Niki Caro's career is littered with awards and major name global film festivals, but it could be argued her career really went international thanks to a single project: her 2002 adaptation of Witi Ihimaera novel Whale Rider, which won fans in cinemas across the globe, and rave reviews to match.

Caro graduated from Auckland's Elam School of Fine Arts in 1988, then got a diploma at Melbourne's Swinburne Film and Television School. Returning to New Zealand, she wrote and directed several short films and TV dramas. 

In 1992 producer Owen Hughes invited her to contribute to a trilogy of half-hour TV dramas, which were intended to bridge the gap for filmmakers between shorts and features. Caro's contribution was The Summer the Queen Came, an affectionate look at the small, twisted details of a family in suburbia. The film earned the self-described "writer/director/waitress" two nominations at the 1994 NZ Film and Television Awards.

The same year, Caro's short Sure To Rise was selected to compete at the Cannes Film Festival in France (as was fellow NZ film Lemming Aid). One of only eight films chosen, out of roughly 300 entries, Sure to Rise tells a moody, near wordless story of a woman who discovers an injured airman.

Caro's work was growing more ambitious. Plain Tastes, her acclaimed Montana Sunday Theatre drama, was an hour-long piece about a middle class woman (Meryl Main) trying to find happiness and love. It was nominated in the Best Television Drama and Writer categories at the 1996 New Zealand Film and Television Awards.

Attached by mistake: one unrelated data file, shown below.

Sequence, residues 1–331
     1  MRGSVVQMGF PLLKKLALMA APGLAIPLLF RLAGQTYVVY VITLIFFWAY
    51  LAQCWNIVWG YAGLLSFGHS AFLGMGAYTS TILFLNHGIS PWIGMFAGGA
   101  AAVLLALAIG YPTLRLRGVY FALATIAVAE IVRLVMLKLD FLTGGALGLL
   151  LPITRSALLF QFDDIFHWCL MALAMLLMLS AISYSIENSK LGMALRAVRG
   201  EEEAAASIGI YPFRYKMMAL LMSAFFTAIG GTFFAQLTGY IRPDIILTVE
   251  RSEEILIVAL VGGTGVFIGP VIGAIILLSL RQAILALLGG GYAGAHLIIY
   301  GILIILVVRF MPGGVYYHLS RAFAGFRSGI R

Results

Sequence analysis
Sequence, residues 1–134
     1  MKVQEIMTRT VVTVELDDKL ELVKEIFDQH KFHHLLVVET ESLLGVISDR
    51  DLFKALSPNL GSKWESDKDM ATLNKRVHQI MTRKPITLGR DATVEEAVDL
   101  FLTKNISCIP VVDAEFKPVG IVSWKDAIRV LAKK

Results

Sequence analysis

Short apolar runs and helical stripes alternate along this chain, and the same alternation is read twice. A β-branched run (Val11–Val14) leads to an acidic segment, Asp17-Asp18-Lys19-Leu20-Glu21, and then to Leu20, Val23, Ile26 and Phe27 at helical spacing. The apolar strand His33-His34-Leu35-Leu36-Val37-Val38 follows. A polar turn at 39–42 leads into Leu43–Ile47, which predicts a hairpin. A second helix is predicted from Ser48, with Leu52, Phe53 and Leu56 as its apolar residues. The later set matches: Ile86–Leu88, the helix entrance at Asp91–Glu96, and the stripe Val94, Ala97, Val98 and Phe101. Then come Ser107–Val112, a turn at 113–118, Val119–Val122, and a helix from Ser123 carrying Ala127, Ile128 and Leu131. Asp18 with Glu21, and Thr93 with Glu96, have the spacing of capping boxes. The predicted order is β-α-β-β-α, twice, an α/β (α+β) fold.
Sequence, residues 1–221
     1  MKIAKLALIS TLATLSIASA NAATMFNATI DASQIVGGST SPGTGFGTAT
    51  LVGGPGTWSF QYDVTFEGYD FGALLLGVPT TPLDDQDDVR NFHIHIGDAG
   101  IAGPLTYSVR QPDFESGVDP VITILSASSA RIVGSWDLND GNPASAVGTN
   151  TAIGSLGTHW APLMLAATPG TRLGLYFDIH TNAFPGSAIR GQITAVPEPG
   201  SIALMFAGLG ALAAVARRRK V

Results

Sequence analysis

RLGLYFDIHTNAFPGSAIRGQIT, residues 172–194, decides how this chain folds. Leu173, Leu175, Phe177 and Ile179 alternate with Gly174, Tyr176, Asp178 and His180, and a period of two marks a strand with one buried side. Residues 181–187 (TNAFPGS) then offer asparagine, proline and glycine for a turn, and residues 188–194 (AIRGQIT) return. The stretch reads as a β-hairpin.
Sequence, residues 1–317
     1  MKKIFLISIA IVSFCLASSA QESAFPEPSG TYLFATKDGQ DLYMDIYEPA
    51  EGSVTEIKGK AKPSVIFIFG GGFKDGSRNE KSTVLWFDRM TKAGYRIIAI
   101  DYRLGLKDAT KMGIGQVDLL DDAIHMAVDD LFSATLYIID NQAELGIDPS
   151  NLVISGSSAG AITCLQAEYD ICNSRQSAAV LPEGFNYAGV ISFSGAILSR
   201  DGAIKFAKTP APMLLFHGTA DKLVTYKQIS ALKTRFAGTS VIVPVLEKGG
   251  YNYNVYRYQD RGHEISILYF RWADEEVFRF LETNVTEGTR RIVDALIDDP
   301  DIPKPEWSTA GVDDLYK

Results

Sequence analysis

There was also a rare excursion into documentary — although documentary that sometimes seemed more like drama — with short film Old Bastards (1994) and Footage (1996). Made for the Work of Art series, Footage was an offbeat documentary about the cult of the shoe. It managed to win invitation to the Venice Film Festival. 

Caro's first feature film Memory and Desire was selected for Critics Week at Cannes in 1998. Based on a short story by Peter Wells, the drama follows the unraveling relationship of a Japanese couple as they travel New Zealand. Voted Best Film at the 1999 New Zealand Film Awards, Memory and Desire won a Special Jury Prize for Caro's work as both writer and director.

It was follow-up feature Whale Rider that brought Caro to a large international audience. Caro said the film was "essentially about leadership and the fact that leadership presents itself in the form of a young girl". The film had been in development for many years. Caro's take on the script saw her signed up to direct. The result scooped more than 27 awards and impressive international box office, including audience awards for favourite film at the Toronto, Sundance and Rotterdam film festivals, and best film and director at Seattle. First-time screen actor, 12-year-old Keisha Castle-Hughes, was Oscar-nominated after starring as a young East Coast Māori girl, struggling to establish her place in her community.